Samsung DeX review: This isn't a replacement for your laptop

Compare the Galaxy S8 today's hot devices

Plenty of people will just pick up the Galaxy S8 or S8+ because Samsung is the brand they know, but many of us will comparing it head to head with other leading devices. To help you make up your mind on which phone is right for you, we've compared the Galaxy S8 and Galaxy S8+ to the likes of the Pixel and Pixel XL, LG G6 and of course the iPhone 7 and 7 Plus.

Galaxy S8 and S8+ vs. Pixel and Pixel XL: Two ways to do a flagship
Galaxy S8 vs. LG G6: Tall, skinny and very similar
Galaxy S8 vs. iPhone 7: Battle of the platforms

Which one should you buy?

So now that you have all the information, which one should you buy? You have a big phone and a bigger phone; one with a big battery and a bigger battery. There are so few differences between the Galaxy S flagships this year that it comes down to size and battery preference alone, and that may make your decision even harder.

Should you buy a Galaxy S8 or a Galaxy S8+?

Where to buy the Galaxy S8 or Galaxy S8+

The Galaxy S8 and S8+ are now on sale. In the U.S., you'll have your choice of the Galaxy S8 or Galaxy S8+, both in 64GB storage configuration, in one of three colors: black, silver or orchid grey. You can also pick up a proper U.S. unlocked model from Samsung or Best Buy if you don't want to bother with a carrier. Prices are in the range of $720-750 for the Galaxy S8, and $820-$850 for the Galaxy S8+.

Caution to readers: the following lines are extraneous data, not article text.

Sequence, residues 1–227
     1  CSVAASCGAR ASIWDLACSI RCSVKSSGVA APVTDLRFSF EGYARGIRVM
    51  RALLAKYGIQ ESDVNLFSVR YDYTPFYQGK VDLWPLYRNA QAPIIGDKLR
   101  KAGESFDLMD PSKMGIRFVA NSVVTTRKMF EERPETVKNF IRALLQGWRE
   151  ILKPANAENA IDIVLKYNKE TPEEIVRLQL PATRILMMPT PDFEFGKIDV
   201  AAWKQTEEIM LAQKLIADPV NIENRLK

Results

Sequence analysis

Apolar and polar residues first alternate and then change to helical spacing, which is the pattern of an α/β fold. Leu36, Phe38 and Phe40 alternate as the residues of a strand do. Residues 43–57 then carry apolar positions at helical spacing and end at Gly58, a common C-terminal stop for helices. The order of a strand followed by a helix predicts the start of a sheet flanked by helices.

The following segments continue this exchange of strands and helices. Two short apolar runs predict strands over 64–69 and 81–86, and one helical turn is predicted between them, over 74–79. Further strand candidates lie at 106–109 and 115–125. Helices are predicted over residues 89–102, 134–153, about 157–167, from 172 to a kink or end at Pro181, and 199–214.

Where to buy the Galaxy S8 in the U.S.
Where to buy the Galaxy S8 in Canada

Updated June 2017: Article updated with new links and information on Bixby Voice and Samsung DeX.

Samsung Galaxy S8 and S8+

Verizon AT&T T-Mobile Sprint Unlocked

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21 hours ago

How to take better photos with the Huawei Mate 9

5

Are you Mate 9 photos not looking so good? Try these tips.